US backs rare flower habitat amid Nevada lithium mine fight.

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Unless the Fish and Wildlife Service changes course due to new information, the plant will be declared endangered in September.

RENO, Nev —

The US Fish and Wildlife Service has proposed designating critical habitat for a Nevada wildflower it is considering listing as endangered amid a dispute over a mine to produce lithium batteries for essential electric vehicles the Biden administration’s plans to fight climate change.

The agency on Wednesday proposed designating critical habitat for Tiehm’s buckwheat on a high desert ridge near the California line halfway between Reno and Las Vegas.

This is the only place in the world where the delicate 15 centimeter tall wildflower with yellow flowers is known.

It is also the site where Ioneer USA Corp. plans to build a large lithium mine.

Ioneer said the proposed designation was “an anticipated development” that “has no material impact on our planned mining operations.”

The Australia-based company noted that mining is permitted in areas designated as critical habitat if approved by the Fish and Wildlife Service and Bureau of Land Management.

“Ioneer has already taken this into account in its proposed planning and operations and continues to work closely with both agencies to ensure that its proposed activities will not jeopardize the conservation of the species,” said Wednesday. the company in a press release.

The Fish and Wildlife Service stated in its official notice of the proposed designation that “this unit is critical to the conservation and recovery of Tiehm’s buckwheat because it supports all of the habitat occupied by Tiehm’s buckwheat within the range of the species”.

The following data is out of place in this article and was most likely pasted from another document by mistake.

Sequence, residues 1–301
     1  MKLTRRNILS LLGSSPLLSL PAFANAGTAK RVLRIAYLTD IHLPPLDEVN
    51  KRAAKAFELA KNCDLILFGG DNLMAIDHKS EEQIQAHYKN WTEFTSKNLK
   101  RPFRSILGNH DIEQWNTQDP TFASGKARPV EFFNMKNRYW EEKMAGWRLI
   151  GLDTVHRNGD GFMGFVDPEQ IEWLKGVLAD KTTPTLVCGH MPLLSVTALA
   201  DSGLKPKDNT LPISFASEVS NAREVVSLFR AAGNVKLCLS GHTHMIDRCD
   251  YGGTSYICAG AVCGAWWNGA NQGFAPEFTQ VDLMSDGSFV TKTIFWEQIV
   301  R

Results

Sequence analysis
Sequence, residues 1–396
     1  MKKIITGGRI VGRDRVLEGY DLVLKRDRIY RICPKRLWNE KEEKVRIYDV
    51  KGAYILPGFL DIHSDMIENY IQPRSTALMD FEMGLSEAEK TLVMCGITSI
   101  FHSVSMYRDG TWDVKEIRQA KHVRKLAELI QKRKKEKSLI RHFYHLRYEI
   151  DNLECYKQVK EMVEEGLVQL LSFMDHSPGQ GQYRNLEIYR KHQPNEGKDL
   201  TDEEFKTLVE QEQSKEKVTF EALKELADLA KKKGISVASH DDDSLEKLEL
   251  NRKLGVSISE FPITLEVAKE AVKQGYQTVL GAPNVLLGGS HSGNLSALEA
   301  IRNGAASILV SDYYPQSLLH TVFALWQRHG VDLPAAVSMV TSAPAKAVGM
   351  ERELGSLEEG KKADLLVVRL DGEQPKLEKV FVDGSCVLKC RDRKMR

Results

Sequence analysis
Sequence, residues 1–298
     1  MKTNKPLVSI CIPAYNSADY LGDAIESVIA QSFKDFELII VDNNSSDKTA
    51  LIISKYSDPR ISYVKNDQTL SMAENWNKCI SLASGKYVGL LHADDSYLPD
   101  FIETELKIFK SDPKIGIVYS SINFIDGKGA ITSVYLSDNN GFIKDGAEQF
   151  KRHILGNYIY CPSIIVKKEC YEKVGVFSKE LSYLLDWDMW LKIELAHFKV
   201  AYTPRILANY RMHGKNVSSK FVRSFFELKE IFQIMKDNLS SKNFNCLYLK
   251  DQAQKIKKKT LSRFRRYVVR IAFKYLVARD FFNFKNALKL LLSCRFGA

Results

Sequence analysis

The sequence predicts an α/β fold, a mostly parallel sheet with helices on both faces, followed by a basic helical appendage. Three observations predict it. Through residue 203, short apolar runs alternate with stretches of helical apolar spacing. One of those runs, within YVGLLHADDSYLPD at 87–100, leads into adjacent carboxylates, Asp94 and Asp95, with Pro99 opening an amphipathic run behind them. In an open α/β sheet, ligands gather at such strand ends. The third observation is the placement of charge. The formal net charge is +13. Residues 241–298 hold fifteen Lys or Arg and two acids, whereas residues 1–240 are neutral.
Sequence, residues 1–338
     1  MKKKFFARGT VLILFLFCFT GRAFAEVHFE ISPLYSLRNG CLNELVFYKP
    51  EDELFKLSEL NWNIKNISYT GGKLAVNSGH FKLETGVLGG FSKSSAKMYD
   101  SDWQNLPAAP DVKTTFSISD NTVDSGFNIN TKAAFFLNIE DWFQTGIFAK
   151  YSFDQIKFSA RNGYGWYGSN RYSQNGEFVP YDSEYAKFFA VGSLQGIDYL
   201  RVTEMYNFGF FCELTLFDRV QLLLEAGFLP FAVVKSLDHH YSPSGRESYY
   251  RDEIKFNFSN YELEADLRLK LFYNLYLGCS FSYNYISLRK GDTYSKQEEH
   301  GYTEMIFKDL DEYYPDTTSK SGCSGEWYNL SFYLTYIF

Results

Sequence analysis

Environmentalists who have taken legal action to protect the wildflower have welcomed the move.

“This proposed critical habitat rule sends a clear message that protecting Tiehm’s buckwheat’s natural range is the only way to prevent its extinction,” said California Conservation Director Naomi Fraga. Botanic Garden, a group that joined the Center for Biological Diversity. 2019 petition to list the plant as endangered.

Global lithium demand is expected to double by 2025. Most of it currently comes from Australia and South America. Increasing domestic production could potentially lower the price of a key part of President Joe Biden’s $2 trillion climate plan: offering rebates to consumers to trade in gas-powered cars for electric cars.

Ioneer says its mine is expected to produce 22,000 tonnes (19,958 metric tons) of lithium, enough to power hundreds of thousands of electric vehicles a year. But the endangered species listing process has contributed to delays in its initial plans to secure all necessary permits and begin initial construction of the $785 million project before the end of last year.